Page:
As do many senior citizens, I attend more and more funerals, memorial services, and celebrations of life. I recall my Mom saying, “Funerals become our old folks main social event. Then people expect us to get over our grief in a week or so to attend the next one.” Yes, dealing with death is challenging at any age.
The sombre, focused-on-sin funerals push my dismay button. I wonder, “Isn’t dealing with the loss enough? Is this really how you want to memorialize your loved one?” But then there is what Mom used to call happy funerals. Let’s just name them celebrations of life. Both Mom and I agreed the best of these events bring tears, laughter and worthy memories.
Plus, there are lessons to be learned and inspiration to be gained by attending these events. At a memorial service of a dear woman who died at 51 years of age, her son boldly gave the gathering a wake up call. He said something like, “The last time I talked to her was over the phone. I felt so angry at her and I said, ‘I hate you!’ Please don’t ever end a conversation with someone close to you with anything but ‘I love you.’” That must have taken courage to tell the truth–done to make a difference to others’ lives. These dramatic moments don’t happen just in the movies!
When our dear daughter-in-law Chandra died, at the end of the service, the officiate invited us to give her LIFE a standing ovation. We stood, clapped, and roared with tribute. It felt appropriate and uplifting to do so.
At my Dad’s service I described a summary of his family history, his World War II service, and some farming scenarios along with cornball humor. Our family had stayed up late the night before crafting the script.
At my Mom’s service tender tributes were given, and just as she requested, we joyfully sang her favourite hymn, Jesus Loves Me.
At the recent memorial service of speaking colleague and community leader, Corey Olynik a list of his own quotations of wisdom was shared. We could sense his presence through the words. Then the poem, When Death Comes by Mary Oliver was read. The last few lines captured my longing for a purposeful life:
When it’s over, I don’t want to wonder
If I have made my life something particular, and real.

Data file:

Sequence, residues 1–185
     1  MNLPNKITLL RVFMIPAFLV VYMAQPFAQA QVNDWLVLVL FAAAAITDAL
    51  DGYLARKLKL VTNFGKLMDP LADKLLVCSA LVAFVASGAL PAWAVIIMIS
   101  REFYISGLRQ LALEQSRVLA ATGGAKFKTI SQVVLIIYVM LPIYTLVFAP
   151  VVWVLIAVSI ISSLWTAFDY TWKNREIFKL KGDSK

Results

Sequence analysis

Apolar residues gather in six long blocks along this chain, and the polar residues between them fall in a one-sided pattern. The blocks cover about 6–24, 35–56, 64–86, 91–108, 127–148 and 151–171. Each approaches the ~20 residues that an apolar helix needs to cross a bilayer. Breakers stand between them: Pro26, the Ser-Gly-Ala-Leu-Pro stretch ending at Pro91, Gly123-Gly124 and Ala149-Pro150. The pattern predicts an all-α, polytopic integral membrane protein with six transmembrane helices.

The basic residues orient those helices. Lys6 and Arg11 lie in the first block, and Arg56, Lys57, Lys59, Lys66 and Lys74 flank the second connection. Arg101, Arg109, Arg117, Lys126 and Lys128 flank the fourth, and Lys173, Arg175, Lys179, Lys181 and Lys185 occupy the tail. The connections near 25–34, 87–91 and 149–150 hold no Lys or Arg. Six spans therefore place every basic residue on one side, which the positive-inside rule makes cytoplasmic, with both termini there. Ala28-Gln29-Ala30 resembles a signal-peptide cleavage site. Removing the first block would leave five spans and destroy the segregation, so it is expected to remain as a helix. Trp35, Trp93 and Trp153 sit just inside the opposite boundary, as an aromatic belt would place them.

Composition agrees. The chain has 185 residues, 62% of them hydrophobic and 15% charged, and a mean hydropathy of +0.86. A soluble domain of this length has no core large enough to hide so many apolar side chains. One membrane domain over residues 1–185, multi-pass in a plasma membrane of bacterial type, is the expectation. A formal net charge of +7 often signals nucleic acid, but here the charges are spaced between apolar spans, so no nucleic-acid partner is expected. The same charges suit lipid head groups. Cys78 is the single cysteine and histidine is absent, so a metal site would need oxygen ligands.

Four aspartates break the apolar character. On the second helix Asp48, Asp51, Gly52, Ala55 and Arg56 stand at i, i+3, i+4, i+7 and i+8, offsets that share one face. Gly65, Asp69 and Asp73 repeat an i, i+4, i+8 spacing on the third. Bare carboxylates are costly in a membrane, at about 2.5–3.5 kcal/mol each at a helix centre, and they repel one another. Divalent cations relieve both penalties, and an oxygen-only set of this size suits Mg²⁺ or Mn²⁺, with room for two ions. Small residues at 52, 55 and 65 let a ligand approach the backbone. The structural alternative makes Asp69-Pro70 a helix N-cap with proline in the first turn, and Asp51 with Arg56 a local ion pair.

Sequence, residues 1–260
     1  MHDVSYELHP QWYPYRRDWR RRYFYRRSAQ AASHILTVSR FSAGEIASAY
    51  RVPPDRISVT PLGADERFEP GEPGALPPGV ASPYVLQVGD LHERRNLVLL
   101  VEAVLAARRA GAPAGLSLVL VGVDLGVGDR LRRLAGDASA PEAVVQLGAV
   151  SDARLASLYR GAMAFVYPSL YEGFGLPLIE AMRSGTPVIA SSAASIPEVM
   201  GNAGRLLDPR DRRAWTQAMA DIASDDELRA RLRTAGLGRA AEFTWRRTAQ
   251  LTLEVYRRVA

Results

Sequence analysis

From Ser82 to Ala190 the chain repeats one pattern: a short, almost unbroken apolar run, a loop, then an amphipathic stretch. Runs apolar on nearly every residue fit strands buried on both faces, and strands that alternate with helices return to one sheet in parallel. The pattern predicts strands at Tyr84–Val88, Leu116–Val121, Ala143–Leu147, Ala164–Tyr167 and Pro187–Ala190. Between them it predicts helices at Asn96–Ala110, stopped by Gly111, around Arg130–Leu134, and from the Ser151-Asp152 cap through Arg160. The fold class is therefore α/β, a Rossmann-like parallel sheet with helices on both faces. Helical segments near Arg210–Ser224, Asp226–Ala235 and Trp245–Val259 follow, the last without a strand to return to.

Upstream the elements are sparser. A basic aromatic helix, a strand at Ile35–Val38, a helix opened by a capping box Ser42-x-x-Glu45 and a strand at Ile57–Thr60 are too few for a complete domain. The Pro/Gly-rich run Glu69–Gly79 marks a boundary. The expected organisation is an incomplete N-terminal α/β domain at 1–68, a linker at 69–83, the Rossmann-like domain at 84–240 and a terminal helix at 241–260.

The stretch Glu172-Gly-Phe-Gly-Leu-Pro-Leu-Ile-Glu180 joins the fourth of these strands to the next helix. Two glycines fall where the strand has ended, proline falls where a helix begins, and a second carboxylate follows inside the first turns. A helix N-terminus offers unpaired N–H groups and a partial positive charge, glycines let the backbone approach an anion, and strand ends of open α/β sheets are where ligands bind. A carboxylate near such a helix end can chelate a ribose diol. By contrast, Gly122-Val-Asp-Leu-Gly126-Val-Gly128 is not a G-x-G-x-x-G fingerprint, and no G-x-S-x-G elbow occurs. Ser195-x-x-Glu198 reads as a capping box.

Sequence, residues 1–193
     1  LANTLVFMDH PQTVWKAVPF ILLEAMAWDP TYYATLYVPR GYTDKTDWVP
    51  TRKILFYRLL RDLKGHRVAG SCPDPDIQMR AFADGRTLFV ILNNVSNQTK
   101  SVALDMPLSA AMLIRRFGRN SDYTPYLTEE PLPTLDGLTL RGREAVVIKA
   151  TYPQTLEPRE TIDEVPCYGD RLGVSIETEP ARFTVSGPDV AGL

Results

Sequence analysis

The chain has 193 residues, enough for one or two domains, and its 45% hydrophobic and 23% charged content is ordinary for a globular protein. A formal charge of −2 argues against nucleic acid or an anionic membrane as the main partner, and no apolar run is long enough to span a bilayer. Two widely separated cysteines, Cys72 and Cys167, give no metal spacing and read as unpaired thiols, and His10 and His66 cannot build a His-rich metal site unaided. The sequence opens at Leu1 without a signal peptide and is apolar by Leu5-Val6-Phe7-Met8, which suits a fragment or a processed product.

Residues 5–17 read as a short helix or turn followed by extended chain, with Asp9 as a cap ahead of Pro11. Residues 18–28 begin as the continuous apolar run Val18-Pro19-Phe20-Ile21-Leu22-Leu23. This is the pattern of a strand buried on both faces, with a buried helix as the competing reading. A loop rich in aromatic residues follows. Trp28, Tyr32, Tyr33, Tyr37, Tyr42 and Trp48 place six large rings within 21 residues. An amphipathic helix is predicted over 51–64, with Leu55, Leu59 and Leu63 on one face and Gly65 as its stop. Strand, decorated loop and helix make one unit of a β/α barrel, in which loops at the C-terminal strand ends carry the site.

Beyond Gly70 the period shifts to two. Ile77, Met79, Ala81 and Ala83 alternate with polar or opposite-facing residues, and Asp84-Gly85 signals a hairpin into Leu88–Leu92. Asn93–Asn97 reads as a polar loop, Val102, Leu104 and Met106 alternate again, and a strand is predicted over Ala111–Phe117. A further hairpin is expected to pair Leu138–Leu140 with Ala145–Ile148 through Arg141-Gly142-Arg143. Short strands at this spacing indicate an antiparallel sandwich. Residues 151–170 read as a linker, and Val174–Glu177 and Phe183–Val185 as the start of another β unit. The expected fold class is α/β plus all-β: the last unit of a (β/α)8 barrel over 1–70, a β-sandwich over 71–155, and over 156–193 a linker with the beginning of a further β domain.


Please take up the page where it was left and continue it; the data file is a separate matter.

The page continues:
I don’t want to find myself sighing and frightened, or full or argument.
I don’t want to end up simply having visited this world.”
Now and then I update my Directions for Patricia Morgan’s Celebration of Life, a notebook I carry in my purse. It lists what I would like to happen when my loved ones gather after my death. It states who I want to say sweet words about me. It also directs my loved ones to show the slide deck I have prepared. Yes, I have some special messages I want to leave behind. Three of the songs I want played or song are I Just Called to Say I Love You, You are My Sunshine, and On a Clear Day.
On a clear day, rise and look around you and you’ll see who you are.
On a clear day how it will astound you that the glow of your being outshines every star!”
But why wait for death to put these celebrations in action? When my hubby and I celebrated our 70th year we organized The Spunky Senior Seventieth Birthday Party. Over 160 people came to enjoy musical tributes, lemon meringue pie, silly games, and dancing. I told our kids, “This is the kind of celebration I want when I die!”
I often leave memorial services inspired to live my days to their fullest . . . and often more consciously. Your turn! What are your thoughts about a celebration of life?
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Patricia Morgan MA CCC helps her readers, clients, and audiences lighten their load, brighten their outlook, and strengthen their resilience. To go from woe to WOW call 403.242.7796 or email a request.